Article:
Battletech: Beginner Box

Battletech has been around for what seems like forever. Tens of thousands of people have played it, and it has good reviews. The Beginner Box version has everything you need to learn and start playing in a short time. Inside, you will happily find a map, two figures, and a quick start guide.

What makes it easy to play? Well, there are tons of resources on how to start to play and how to have enjoyable game sessions. The Beginners Box instructions (or even the box that is one step up from it) are easy to read. The keyword here is simplified rules to start. Simplified.

You don’t need to feel overwhelmed with what you are getting yourself into here. But yes, you will want more miniatures than the two provided. Miniatures is what makes Miniatures games so much fun. Collect them. Paint them. Display them. Hey, how many you buy is entirely up to you!

A Song of Ice and Fire: Stark vs. Lannister Starter Set

With just two people and sixty or ninety minutes to kill, you could setup, play, and finish a game. Best part, this starter set has all you need, and you really don’t need to add on (100+ figures is a lot for a starter set). Fair warning – It’s a more expensive starter set than some of the others though, but worth it.

Find a large table and prepare to lead your favorite house (or not if you are both Stark fans 😊) into battle. There are multiple modes of gameplay ranging from large to small. Most reviewers state that the rules are clear and to the point. On a player’s turn you will maneuver, march, charge, perform a melee attack, perform a ranged attack, or perhaps even retreat.

The game focuses on strategy, so the formations of your armies are important and so are the tactics you use and your timing. That being said, luck is also an important factor since you will be drawing tactical cards and doing a lot of dice rolling.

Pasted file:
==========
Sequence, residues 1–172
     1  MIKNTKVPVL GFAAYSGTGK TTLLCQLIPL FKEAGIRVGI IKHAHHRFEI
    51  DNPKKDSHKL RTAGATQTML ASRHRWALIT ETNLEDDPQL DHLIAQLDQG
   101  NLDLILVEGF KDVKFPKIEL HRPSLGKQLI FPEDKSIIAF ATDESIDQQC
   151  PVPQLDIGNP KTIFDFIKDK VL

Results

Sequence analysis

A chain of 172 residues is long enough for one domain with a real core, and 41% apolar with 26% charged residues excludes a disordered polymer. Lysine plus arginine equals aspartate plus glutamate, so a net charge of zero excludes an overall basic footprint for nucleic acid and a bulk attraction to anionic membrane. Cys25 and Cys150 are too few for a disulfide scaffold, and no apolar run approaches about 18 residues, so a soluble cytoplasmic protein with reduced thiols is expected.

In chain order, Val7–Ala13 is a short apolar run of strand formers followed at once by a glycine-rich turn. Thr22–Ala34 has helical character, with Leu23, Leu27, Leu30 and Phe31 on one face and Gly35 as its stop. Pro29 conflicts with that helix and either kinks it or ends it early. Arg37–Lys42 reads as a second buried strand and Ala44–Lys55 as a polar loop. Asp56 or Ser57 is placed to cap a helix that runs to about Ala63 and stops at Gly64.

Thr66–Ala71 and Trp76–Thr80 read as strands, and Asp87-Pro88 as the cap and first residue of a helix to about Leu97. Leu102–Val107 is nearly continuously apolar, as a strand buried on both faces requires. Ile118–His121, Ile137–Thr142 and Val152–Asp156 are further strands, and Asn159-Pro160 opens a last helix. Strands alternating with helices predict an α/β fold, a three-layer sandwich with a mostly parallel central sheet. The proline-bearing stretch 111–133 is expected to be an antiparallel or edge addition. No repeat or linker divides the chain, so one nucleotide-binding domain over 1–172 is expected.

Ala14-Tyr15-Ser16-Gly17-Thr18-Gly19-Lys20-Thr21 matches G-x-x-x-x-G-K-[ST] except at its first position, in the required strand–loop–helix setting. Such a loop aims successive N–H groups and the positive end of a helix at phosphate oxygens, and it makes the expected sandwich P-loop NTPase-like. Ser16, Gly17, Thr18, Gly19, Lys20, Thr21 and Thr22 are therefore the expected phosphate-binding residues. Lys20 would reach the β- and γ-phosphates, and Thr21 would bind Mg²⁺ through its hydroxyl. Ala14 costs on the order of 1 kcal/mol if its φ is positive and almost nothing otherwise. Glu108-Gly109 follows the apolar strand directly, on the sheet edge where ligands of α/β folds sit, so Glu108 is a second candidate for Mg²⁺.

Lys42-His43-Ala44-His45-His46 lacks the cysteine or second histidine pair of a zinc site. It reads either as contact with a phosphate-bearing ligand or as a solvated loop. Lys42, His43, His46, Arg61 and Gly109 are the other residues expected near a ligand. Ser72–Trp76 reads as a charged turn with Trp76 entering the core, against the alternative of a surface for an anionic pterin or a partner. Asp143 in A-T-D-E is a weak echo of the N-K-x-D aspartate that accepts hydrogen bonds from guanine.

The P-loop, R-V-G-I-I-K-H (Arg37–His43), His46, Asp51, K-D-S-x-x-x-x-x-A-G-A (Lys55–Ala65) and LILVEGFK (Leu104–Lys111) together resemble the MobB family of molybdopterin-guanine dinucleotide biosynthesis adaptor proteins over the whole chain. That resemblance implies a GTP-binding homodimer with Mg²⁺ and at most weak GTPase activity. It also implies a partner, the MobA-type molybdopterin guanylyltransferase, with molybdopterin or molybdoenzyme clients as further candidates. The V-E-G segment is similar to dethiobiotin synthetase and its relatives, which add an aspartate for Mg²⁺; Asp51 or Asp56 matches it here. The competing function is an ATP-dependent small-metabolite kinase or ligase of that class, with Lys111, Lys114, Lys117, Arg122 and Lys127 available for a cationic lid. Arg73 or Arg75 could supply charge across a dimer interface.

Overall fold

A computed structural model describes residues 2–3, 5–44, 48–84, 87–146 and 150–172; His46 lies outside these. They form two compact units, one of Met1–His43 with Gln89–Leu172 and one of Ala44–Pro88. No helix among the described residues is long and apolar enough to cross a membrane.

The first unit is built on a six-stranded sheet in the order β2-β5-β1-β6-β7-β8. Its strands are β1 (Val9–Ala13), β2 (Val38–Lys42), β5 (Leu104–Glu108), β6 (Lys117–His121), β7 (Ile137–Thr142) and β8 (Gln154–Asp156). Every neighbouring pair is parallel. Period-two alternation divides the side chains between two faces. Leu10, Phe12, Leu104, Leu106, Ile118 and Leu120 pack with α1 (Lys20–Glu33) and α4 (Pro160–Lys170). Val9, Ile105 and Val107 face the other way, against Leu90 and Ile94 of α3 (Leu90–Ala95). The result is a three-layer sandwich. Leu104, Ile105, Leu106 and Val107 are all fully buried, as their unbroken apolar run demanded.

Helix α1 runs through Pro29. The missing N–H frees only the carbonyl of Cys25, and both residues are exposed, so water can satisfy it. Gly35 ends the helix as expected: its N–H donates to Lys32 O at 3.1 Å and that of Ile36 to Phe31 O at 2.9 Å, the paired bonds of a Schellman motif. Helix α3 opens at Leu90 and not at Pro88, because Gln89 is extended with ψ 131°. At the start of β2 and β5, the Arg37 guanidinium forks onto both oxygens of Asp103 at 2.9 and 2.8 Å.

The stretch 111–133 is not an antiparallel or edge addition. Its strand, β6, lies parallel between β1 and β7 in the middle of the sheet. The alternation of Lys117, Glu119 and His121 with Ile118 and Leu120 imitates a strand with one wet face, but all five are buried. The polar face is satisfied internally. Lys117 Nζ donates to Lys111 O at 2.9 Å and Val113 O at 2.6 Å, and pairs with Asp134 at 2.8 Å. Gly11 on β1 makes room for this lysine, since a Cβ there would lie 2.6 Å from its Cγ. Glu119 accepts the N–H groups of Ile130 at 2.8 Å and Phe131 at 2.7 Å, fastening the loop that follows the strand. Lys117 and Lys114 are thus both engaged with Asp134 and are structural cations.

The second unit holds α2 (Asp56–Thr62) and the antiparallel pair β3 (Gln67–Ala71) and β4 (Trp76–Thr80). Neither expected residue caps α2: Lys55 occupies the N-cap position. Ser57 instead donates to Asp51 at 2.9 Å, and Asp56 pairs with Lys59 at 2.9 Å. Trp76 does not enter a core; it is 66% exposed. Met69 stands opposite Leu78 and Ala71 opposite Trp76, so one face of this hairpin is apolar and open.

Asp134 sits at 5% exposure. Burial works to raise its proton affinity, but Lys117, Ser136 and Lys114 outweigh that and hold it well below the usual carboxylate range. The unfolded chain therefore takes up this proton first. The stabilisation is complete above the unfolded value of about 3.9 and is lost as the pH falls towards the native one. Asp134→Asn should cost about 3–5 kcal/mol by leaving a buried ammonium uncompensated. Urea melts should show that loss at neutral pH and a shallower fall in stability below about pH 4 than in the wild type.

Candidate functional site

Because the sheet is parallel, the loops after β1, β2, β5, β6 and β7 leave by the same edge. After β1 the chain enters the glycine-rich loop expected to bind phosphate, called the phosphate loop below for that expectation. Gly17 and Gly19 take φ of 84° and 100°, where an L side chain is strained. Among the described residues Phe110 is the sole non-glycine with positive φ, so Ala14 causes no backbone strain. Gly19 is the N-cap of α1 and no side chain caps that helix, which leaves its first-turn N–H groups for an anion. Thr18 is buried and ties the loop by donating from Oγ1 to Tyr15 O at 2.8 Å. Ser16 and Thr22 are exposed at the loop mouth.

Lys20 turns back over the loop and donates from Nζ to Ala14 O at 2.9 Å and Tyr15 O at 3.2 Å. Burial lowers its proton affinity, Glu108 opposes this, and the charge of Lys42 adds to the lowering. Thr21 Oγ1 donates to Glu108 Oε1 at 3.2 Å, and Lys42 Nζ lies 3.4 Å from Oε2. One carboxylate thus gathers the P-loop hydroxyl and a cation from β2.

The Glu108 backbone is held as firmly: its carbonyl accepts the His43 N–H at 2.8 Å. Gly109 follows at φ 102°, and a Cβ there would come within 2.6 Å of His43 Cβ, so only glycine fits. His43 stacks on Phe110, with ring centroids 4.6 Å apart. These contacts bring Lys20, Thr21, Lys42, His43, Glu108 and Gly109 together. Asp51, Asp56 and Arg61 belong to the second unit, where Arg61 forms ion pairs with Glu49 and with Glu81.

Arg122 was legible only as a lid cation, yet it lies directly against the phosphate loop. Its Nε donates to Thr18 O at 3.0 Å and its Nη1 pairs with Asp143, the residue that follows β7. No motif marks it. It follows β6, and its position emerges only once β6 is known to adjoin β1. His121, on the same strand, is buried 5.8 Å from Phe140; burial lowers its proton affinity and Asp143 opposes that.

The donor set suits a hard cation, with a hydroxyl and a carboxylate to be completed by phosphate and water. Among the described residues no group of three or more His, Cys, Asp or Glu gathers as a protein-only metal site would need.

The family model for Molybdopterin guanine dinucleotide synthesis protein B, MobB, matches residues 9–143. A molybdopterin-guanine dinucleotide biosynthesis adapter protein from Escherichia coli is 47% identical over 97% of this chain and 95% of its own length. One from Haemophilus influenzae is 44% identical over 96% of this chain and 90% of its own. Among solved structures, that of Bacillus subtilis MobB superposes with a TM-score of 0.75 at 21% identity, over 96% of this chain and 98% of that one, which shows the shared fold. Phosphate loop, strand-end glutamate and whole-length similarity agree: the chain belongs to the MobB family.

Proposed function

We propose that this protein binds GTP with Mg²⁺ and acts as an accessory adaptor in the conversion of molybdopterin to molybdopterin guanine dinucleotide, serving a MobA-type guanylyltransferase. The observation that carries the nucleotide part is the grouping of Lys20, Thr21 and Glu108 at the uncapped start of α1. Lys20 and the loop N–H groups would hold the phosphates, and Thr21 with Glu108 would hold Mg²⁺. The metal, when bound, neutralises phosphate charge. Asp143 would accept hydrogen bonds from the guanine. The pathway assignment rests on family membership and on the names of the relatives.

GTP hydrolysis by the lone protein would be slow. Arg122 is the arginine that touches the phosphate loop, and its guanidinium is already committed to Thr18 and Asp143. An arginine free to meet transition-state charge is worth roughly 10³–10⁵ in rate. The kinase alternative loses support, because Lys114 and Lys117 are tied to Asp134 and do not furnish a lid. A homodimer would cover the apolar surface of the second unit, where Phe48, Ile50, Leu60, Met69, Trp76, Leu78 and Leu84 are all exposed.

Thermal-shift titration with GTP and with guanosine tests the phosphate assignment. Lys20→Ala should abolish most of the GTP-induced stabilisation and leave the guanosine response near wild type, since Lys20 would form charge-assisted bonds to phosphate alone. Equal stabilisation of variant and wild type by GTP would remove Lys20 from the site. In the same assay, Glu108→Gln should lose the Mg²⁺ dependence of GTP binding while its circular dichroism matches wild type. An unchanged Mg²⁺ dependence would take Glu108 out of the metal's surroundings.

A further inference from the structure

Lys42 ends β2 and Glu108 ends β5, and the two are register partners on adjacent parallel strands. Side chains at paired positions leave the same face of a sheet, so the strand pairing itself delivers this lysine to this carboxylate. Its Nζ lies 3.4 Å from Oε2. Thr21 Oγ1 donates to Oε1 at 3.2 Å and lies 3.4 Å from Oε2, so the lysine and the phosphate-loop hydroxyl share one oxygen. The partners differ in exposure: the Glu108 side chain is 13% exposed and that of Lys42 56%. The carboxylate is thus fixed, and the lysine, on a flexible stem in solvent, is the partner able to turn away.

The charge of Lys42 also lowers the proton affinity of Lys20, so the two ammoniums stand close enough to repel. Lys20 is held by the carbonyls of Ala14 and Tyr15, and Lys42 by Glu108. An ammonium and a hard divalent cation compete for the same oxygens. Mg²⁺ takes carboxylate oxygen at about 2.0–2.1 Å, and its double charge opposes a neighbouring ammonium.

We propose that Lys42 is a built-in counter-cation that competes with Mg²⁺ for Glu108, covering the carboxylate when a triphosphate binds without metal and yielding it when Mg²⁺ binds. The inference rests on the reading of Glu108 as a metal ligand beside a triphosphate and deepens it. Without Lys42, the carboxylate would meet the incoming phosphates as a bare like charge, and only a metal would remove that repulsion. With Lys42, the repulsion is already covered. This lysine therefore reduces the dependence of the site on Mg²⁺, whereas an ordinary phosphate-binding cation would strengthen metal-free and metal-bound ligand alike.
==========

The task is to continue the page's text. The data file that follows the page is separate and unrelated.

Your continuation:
Depending on the mode you are playing the goal is different, but the games are fast-moving and fun and when you are done you will want to play again, especially if you are a fan of the books or TV show.

Warhammer Underworlds

Everyone seems to say the same thing about this one; this game was designed from top to bottom (or ground up) to be the very simplest and easiest way to get involved in Warhammer. The starter box comes with a few pieces, a small map, tokens, dice, and a 36-page rulebook. It also comes with cards, so if you don’t have experience with deck building this will be the newest and most challenging thing for you to learn. (You can watch YouTube videos on deckbuilding.)

Games can take 30-60 minutes with a small amount of setup to start. When ready, players pick sides (warbrands). The game plays in rounds which are broken into phases during which you will perform movements, actions, and attacks. There’s even a power phase to play bonus cards. Like some of the games mentioned above, there are objective cards that when reached will score you points.

At the end of each round, you tally your points, and draw new cards. At the end of the game, the player with the most points wins.

Honorable Mention


We don’t like to oversimplify these amazing strategic games. However, for the sake of this article, we had to. Suffice it to say, each of them looks and plays slightly differently, but at the same time may feel familiar. Once you learn to play one game, the ability to learn and play others will become much quicker.

One of the most important things to remember about all these games is that you will likely be playing them with people who are or will become your friends. So, sit back, get some nice snacks, pour yourself your favorite drink, and enjoy!